Robert McClure


Samuel Hearne

Christian Missionaries



Three excellent sources of information on explorers and exploration are:

As an extended activity, students can try to find works written by explorers on the Early Canadiana Online database at URL: http://www.canadiana.org.

Different Nations, Different Histories

Students could explore the various groups that settled Canada. In groups or individually, they could explore:

  • The reasons the settlers came to what is now Canada.

  • What it was like in their home countries at the time.

  • What kind of reception they received when they arrived.

  • How they contributed to Canada’s history and culture.

Starting a Colony in New France

The settlement of New France presented a challenge to provincial authorities and French authorities in France. The weather, isolation, hostile local inhabitants, scurvy – all these challenges and more made New France unattractive to many … and those that did come often died, particularly in the early years.

Students could discuss in groups the conditions needed for a successful colony in such circumstances. This table might help their thinking:


Equipment tools medicine (etc.) needed to overcome the challenge

People/skills needed to overcome the challenge

1. Cold climate

Warm housing – need woodcutting tools (axes, saws, carpenters tools)
Warm clothing – furs and wool clothing, sheep

Fur trappers







Students should try to remember that people had different attitudes at the time. For example, religion was very important.

Students could then try to outfit the ideal expedition to New France. How many people would it take? How many supplies? Ships?

The Missionaries

Religion was a very important part of life in the time of New France. Europeans felt a genuine obligation to spread their faith across the globe. With this in mind, France sent missionaries around the world – including New France. The effects were not always what they expected. Students could explore some of the writings of the missionaries and comment on what they wrote about.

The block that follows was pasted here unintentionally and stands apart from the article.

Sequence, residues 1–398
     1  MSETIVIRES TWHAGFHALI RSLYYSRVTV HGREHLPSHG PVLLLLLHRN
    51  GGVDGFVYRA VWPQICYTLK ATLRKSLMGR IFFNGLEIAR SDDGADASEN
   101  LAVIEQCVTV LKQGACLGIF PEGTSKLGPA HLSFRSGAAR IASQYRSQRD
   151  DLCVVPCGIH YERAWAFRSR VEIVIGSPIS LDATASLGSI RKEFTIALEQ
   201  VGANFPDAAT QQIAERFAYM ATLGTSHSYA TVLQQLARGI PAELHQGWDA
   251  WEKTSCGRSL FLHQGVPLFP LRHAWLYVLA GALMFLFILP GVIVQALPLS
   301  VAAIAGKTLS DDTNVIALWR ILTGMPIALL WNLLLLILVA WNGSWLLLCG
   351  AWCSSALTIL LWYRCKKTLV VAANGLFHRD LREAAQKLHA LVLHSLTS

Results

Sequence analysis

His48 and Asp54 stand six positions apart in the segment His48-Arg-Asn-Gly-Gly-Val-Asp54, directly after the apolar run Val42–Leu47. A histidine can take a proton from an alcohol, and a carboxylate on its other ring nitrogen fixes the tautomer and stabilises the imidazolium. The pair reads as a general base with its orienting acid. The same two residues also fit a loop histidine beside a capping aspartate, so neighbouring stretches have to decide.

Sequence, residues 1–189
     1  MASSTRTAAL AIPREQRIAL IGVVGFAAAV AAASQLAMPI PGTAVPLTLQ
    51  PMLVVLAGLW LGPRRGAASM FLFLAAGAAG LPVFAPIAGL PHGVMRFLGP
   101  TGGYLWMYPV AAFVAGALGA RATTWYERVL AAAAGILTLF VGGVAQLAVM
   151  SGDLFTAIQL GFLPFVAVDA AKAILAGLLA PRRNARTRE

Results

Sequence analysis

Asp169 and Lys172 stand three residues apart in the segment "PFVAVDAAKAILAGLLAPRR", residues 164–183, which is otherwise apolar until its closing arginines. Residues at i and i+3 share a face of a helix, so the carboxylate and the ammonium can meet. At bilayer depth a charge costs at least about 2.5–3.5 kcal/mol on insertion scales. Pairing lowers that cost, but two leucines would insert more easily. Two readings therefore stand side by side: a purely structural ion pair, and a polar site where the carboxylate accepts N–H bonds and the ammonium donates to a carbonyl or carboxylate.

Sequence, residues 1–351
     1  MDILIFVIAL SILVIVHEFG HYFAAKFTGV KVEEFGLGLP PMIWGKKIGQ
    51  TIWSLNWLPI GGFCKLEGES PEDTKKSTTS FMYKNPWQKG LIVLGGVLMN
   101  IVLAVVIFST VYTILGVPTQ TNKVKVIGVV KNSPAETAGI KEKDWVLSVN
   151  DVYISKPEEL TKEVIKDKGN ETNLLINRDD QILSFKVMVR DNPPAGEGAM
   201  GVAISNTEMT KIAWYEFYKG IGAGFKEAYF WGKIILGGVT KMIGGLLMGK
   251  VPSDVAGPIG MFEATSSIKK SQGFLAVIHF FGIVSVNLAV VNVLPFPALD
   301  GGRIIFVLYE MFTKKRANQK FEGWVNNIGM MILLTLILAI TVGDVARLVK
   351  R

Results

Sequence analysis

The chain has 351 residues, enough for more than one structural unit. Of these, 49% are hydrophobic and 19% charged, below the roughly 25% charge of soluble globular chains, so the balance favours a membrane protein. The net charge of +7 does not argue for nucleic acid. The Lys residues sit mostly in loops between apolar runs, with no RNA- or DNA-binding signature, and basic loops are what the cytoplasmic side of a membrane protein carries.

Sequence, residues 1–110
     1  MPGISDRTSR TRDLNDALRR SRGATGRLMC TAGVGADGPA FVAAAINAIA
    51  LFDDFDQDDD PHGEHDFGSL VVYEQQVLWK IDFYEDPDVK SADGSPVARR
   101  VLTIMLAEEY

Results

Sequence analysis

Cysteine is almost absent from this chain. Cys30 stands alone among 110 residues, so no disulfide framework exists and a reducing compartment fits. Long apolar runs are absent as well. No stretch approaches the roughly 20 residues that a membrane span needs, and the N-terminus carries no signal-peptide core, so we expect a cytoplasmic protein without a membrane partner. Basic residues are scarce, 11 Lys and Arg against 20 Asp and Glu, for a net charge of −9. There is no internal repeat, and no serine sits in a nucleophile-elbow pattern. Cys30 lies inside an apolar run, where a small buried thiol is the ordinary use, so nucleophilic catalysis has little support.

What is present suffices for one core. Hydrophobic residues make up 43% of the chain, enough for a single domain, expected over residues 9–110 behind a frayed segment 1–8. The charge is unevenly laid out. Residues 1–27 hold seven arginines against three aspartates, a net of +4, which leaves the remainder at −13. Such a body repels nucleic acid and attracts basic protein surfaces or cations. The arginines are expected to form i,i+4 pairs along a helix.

The Jesuit relations and allied documents: travels and explorations of the Jesuit missionaries in New France, 1610-1791: the original French, Latin, and Italian texts, with English translations and notes

Note: The Jesuit letters – primary source documents – were widely popular in France at the time they were written. People were curious about the New World.

Geographical Challenges

Each geographical region of Canada presented different and challenges to settlers. Students could divide the map of Canada into regions and explore the following issues:

  • Why would people want to move there? Consider natural resources, climate, trade, etc.

  • What would make settling there difficult? Consider weather, terrain, vegetation, food supply, etc.

  • What methods did different settlers use to overcome the challenges? Consider especially Aboriginal peoples and their contributions European survival.

The Loyalists

After the American Revolution, Loyalists moved north into what is now Canada. Students could explore:

  • The regions into which they settled.

  • The different kinds of Loyalists, and their characteristics. Consider Aboriginal Loyalists, Black Loyalists and other.

  • Were there different reasons for groups to remain loyal to the British Crown? What were they?

  • Was everyone who came north motivated by loyalty to the British Crown? What other motives might there be?

Some sources of information: